It gave the government five failing grades of F -- including for failing to provide emergency communications and appropriate security funding -- 12 barely passing grades of D and nine mid-level grades of C. It received two "incompletes," and only one top grade, an A- in counter-terrorist financing.Is this surprising to anyone? Bush and his cabal may think they have a successful plan in place, but it’s obvious there is some strategic flaw in their planning. And Dubya can invoke 9/11 all he wants, but even people in his own party are starting to see the light.
“I think we’ve too quickly forgotten the lesson of 9/11,” said Republican ex-commissioner and former Governor James Thompson, “And I think the odds are very good that we’re going to pay a terrible price for forgetting that lesson.”
Indeed. For example, the 9/11 commission recommended that control of WMDs be of utmost priority. But as I posted last month, you can’t control or prevent the proliferation of WMDs if you’re going to give yourself the option of using them to preempt a potential attack by another country. Duh.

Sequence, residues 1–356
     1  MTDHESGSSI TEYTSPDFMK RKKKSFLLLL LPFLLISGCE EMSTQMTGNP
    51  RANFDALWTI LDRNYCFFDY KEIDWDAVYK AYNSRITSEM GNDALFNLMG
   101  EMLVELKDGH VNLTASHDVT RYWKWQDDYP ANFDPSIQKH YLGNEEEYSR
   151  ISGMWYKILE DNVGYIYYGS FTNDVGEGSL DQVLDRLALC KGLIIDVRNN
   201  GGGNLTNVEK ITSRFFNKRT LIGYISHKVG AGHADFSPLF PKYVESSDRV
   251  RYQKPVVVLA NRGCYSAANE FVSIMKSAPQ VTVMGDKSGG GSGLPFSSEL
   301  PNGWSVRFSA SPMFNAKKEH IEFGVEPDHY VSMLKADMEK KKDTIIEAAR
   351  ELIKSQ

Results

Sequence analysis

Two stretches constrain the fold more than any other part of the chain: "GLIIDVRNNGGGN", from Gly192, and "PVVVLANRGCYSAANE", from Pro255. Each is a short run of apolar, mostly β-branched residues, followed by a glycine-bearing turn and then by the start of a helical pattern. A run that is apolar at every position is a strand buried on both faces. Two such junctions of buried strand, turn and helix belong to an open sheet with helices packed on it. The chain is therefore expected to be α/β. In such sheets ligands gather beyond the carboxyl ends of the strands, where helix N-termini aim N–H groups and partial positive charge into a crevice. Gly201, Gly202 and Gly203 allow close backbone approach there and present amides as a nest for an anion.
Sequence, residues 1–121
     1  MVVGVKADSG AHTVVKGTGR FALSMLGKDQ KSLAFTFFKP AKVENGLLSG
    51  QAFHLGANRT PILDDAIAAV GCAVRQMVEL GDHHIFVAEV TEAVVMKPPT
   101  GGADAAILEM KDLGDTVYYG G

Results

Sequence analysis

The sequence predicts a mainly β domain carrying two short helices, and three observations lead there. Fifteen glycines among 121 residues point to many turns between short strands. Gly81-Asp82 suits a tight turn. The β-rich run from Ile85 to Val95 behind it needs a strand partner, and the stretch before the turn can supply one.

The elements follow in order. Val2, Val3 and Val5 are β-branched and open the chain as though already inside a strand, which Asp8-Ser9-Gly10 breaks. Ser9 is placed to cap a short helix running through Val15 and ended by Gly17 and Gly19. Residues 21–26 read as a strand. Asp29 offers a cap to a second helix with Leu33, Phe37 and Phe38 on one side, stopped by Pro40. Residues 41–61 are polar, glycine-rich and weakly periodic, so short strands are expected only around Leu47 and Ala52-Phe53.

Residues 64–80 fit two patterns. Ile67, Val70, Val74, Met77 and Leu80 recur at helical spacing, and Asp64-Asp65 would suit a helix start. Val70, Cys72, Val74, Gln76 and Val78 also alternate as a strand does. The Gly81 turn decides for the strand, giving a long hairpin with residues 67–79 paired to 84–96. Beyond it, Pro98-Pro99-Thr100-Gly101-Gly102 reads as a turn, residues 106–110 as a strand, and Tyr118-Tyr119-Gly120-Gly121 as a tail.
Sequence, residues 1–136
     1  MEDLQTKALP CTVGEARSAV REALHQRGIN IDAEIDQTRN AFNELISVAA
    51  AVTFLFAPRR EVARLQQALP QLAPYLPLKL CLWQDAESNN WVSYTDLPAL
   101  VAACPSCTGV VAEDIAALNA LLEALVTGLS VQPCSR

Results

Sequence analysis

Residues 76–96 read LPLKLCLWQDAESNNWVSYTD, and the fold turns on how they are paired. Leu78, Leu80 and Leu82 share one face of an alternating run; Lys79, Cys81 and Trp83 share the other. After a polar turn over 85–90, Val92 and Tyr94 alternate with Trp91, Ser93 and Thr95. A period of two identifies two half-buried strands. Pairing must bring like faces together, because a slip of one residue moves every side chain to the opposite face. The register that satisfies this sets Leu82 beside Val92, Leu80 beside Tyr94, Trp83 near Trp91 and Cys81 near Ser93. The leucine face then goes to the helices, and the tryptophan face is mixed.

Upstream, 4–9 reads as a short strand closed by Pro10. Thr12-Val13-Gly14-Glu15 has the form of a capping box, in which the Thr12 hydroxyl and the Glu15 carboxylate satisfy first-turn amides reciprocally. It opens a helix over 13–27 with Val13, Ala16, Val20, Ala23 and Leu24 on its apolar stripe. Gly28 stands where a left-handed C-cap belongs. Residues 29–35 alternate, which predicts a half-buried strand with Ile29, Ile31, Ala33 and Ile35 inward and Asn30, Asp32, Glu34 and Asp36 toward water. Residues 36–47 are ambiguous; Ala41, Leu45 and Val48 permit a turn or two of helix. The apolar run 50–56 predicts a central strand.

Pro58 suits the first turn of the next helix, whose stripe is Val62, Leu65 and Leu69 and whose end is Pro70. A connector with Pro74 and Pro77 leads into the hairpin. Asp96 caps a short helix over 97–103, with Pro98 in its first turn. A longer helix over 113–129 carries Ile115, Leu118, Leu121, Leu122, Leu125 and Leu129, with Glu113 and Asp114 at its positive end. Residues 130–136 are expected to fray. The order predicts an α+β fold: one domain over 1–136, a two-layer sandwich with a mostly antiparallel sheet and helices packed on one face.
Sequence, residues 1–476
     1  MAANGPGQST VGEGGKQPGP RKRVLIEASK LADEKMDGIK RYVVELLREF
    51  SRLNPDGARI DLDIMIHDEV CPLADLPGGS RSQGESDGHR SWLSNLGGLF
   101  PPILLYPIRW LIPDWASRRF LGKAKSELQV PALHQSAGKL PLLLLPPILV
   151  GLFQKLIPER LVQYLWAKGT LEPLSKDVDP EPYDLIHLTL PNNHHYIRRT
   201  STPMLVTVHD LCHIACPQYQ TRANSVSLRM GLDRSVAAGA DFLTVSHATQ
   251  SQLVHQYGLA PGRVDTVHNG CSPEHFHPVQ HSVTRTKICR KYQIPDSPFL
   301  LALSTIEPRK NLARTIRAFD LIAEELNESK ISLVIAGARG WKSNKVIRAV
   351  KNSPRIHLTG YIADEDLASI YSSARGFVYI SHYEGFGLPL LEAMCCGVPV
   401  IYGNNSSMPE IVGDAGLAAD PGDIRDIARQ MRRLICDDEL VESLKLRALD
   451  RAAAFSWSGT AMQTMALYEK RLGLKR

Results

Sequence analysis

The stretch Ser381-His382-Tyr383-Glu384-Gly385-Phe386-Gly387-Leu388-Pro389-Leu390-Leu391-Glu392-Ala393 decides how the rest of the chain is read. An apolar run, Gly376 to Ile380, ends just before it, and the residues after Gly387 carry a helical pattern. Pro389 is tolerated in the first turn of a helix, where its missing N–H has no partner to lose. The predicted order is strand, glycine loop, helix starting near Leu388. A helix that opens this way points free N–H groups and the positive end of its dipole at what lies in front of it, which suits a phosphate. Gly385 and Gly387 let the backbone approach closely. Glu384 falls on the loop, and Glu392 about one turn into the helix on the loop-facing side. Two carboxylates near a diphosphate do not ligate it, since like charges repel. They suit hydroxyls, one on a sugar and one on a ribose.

Senator Chuck Schumer (D-N.Y.) keeps it real:
Democratic Sen. Chuck Schumer of New York called the report a "top-to-bottom indictment" of the government's approach to fighting terrorism. "The report shows that while the administration and Congress are focused on fighting an offensive war in Iraq, they are dangerously neglecting the defensive war on terror we should be fighting here at home," he said in a statement.I understand that we as a nation may not be able to return to the halcyon days of pre-9/11, but when we have incidents like the one we had on the Bay Bridge yesterday (which I had the wonderful privilege of sitting in, by the way), we show our citizens just how reactive - and ineffective - our nation’s policy on terrorism really is. I remember sitting in my car, on the bridge and feeling trapped. What if it *had* been a bomb and not a suitcase full of Christmas lights? 9/11 was four years ago, and really, has the U.S. made any progress in putting a stop to terrorism as Bush had promised? Hell no.
Unfortunately, there is no summer school course available to help Dubya get his administration's grades out of the toilet. This administration's tradition of short-sighted foreign policy is inherently flawed, and I guarantee we will be feeling the ripple effects of this quagmire for years to come.